I agree, it is curious that Crohn's has such varied manifestations. Perhaps genetics plays a role? MAP being the underlying cause, but depending on genetic mutations, it manifests differently? In time hopefully, we will have most of the answers, if not all.
10-03-2015, 06:39 PM   #52
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Has anyone heard of hematomas on vocal chords as a part of Crohn's
10-25-2015, 10:19 AM   #53
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Mycobacterium paratuberculosis as a cause of Crohn's disease.

http://www.ncbi.nlm.nih.gov/pubmed/26474349

Crohn's disease is a chronic inflammatory bowel disease of unknown cause, affecting approximately 1.4 million North American people. Due to the similarities between Crohn's disease and Johne's disease, a chronic enteritis in ruminant animals caused by Mycobacterium avium paratuberculosis (MAP) infection, MAP has long been considered to be a potential cause of Crohn's disease. MAP is an obligate intracellular pathogen that cannot replicate outside of animal hosts. MAP is widespread in dairy cattle and because of environmental contamination and resistance to pasteurization and chlorination, humans are frequently exposed through contamination of food and water. MAP can be cultured from the peripheral mononuclear cells from 50-100% of patients with Crohn's disease, and less frequently from healthy individuals. Association does not prove causation. We discuss the current data regarding MAP as a potential cause of Crohn's disease and outline what data will be required to firmly prove or disprove the hypothesis.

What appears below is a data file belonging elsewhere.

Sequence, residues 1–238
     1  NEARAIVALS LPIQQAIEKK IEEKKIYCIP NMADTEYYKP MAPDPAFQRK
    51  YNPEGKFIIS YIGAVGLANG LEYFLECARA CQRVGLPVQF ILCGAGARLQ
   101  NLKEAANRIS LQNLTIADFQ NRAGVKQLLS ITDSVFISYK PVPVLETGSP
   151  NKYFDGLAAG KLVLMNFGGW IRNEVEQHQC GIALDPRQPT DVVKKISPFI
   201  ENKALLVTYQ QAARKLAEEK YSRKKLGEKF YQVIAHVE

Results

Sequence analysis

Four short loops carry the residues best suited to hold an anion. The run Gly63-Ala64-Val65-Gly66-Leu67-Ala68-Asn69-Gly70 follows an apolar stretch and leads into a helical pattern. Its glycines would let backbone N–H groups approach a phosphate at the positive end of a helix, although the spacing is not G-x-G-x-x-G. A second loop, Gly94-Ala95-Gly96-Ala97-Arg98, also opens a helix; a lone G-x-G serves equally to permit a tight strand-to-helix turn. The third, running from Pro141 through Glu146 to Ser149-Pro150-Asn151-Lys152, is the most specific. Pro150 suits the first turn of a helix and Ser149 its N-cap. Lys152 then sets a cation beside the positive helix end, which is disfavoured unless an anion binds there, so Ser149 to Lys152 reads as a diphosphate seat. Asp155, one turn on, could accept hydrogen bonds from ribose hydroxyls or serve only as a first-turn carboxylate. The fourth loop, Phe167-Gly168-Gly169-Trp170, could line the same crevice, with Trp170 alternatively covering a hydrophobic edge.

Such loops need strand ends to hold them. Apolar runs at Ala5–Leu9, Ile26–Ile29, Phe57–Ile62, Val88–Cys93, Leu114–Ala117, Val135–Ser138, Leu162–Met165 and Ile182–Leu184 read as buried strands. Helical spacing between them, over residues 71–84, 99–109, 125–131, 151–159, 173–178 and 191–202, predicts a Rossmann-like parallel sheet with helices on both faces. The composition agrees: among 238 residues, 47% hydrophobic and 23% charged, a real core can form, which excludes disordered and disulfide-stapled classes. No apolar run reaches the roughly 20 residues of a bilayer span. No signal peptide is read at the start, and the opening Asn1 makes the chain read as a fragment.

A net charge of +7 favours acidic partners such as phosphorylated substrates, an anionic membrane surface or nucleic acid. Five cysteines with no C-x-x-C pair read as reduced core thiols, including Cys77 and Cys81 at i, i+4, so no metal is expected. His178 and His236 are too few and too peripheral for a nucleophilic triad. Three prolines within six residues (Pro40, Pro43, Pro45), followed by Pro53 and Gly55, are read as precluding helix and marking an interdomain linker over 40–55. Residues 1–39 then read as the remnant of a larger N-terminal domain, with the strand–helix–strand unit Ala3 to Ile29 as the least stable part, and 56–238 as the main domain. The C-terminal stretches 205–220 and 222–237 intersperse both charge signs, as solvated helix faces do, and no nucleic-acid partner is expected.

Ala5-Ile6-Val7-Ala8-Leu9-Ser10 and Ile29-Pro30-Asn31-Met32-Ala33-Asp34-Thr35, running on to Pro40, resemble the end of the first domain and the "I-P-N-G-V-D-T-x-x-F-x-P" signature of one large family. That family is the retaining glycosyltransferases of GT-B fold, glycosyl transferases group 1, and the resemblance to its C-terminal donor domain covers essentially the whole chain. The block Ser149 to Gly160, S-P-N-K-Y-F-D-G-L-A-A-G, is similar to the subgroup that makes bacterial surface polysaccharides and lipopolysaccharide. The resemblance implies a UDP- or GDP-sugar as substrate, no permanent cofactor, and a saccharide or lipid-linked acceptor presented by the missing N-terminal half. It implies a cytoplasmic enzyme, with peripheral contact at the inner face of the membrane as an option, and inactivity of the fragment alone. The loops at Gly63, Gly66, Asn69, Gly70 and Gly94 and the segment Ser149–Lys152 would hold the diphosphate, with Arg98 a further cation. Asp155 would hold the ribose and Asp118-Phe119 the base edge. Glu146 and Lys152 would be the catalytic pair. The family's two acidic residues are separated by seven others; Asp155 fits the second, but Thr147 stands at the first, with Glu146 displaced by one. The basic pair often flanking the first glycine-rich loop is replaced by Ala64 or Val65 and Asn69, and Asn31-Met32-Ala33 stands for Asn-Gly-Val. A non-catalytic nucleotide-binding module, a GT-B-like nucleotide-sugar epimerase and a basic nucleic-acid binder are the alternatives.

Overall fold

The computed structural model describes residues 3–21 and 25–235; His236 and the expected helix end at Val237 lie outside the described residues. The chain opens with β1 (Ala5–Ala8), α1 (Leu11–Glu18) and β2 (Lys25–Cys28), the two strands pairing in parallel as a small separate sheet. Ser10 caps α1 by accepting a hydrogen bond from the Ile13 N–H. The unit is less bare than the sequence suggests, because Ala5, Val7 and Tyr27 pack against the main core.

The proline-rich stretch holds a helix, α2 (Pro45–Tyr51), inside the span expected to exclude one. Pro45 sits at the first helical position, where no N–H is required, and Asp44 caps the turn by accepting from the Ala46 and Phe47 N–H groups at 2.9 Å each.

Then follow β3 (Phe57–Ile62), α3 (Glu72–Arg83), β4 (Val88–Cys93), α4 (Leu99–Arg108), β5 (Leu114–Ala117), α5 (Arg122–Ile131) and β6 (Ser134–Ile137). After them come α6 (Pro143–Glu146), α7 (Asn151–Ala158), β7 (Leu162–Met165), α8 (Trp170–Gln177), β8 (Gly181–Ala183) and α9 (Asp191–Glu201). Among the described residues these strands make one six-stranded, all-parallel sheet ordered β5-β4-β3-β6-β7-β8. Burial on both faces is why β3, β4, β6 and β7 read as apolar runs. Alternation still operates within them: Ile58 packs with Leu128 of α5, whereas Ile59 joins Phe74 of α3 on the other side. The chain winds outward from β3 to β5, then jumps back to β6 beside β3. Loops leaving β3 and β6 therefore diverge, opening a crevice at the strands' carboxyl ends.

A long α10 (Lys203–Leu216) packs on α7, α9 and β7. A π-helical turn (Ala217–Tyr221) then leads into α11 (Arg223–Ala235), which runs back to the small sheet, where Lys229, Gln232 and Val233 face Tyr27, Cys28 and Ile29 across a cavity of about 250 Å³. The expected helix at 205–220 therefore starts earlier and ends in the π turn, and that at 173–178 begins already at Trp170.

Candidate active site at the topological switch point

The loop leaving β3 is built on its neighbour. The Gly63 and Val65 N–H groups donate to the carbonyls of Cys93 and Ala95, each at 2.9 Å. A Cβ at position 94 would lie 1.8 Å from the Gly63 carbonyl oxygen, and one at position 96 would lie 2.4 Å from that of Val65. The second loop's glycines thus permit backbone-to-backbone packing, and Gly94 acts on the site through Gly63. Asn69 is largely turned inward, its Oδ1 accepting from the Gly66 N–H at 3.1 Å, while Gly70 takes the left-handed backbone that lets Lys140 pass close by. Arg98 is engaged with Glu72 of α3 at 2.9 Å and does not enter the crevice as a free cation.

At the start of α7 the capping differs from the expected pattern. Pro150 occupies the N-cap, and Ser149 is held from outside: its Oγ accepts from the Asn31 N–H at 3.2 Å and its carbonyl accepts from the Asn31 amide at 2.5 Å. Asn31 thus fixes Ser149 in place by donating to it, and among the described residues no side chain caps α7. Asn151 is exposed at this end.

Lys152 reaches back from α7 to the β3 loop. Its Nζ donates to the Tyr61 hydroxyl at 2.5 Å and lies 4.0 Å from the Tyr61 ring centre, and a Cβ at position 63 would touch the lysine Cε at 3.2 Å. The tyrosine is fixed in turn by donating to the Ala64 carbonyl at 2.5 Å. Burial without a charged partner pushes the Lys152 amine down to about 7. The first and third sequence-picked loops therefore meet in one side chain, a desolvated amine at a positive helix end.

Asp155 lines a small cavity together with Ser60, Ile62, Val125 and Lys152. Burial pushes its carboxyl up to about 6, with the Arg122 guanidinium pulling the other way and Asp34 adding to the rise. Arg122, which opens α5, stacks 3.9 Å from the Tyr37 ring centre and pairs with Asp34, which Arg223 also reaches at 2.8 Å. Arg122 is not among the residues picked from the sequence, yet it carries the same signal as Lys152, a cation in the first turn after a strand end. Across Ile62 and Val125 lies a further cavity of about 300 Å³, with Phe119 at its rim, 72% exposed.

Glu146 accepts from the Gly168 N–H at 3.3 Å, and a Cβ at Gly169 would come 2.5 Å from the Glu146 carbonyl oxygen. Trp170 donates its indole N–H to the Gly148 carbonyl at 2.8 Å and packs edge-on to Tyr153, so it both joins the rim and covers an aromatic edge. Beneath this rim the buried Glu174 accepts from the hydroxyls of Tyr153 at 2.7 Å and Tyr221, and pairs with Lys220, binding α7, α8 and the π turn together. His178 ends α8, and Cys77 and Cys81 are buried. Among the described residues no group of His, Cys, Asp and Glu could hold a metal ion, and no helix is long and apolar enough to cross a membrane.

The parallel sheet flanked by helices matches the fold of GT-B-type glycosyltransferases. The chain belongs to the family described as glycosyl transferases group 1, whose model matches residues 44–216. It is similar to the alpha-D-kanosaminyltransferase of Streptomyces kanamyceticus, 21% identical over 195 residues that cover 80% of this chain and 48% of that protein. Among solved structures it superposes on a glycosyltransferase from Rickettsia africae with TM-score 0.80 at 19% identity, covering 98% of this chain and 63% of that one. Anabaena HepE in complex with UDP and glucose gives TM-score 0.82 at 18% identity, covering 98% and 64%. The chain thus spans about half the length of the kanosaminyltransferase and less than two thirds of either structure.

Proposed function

10-25-2015, 10:22 AM   #54
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My understanding of this article is that previous exposure to MAP changes the response of the immune system to subsequent exposure. I would be interested in other views who have greater expertise than I do.

Macrophage polarization in cattle experimentally exposed to Mycobacterium avium subsp. paratuberculosis

http://www.ncbi.nlm.nih.gov/pubmed/26454271

Mycobacterium avium subspecies paratuberculosis (MAP), the causative agent of Johne's disease (JD) in cattle, has significant impacts on the livestock industry and has been implicated in the etiology of Crohn's disease. Macrophages play a key role in JD pathogenesis, which is driven by the manipulation of host immune mechanisms by MAP. A change in the macrophage microenvironment due to pathogenic or host-derived stimuli can lead to classical (M1) or alternative (M2) polarization of macrophages. In addition, prior exposure to antigenic stimuli has been reported to alter the response of macrophages to subsequent stimuli. However macrophage polarization in response to MAP exposure and its possible implications have not previously been addressed. In this study, we have comprehensively examined monocyte/macrophage polarization and responsiveness to antigens from MAP-exposed and unexposed animals. At three years post-exposure, there was a heterogeneous macrophage activation pattern characterized by both classical and alternate phenotypes. Moreover, subsequent exposure of macrophages from MAP-exposed cattle to antigens from MAP and other mycobacterial species led to significant variation in the production of nitric oxide, interleukin-10 and tumour necrosis factor α. These results indicate the previously unreported possibility of changes in the activation state and responsiveness of circulating monocytes/macrophages from MAP-exposed cattle.